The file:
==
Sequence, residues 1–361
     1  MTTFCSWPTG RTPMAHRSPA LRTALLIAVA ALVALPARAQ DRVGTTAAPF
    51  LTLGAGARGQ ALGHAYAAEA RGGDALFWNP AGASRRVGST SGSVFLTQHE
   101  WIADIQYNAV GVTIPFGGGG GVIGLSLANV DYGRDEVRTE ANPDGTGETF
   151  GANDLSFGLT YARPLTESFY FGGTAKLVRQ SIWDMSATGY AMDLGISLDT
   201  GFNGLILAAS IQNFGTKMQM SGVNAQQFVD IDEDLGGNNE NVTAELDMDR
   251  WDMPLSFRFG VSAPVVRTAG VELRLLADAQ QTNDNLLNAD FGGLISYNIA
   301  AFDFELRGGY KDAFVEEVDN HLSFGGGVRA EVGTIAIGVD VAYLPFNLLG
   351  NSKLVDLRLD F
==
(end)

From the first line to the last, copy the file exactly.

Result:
Sequence, residues 1–361
     1  MTTFCSWPTG RTPMAHRSPA LRTALLIAVA ALVALPARAQ DRVGTTAAPF
    51  LTLGAGARGQ ALGHAYAAEA RGGDALFWNP AGASRRVGST SGSVFLTQHE
   101  WIADIQYNAV GVTIPFGGGG GVIGLSLANV DYGRDEVRTE ANPDGTGETF
   151  GANDLSFGLT YARPLTESFY FGGTAKLVRQ SIWDMSATGY AMDLGISLDT
   201  GFNGLILAAS IQNFGTKMQM SGVNAQQFVD IDEDLGGNNE NVTAELDMDR
   251  WDMPLSFRFG VSAPVVRTAG VELRLLADAQ QTNDNLLNAD FGGLISYNIA
   301  AFDFELRGGY KDAFVEEVDN HLSFGGGVRA EVGTIAIGVD VAYLPFNLLG
   351  NSKLVDLRLD F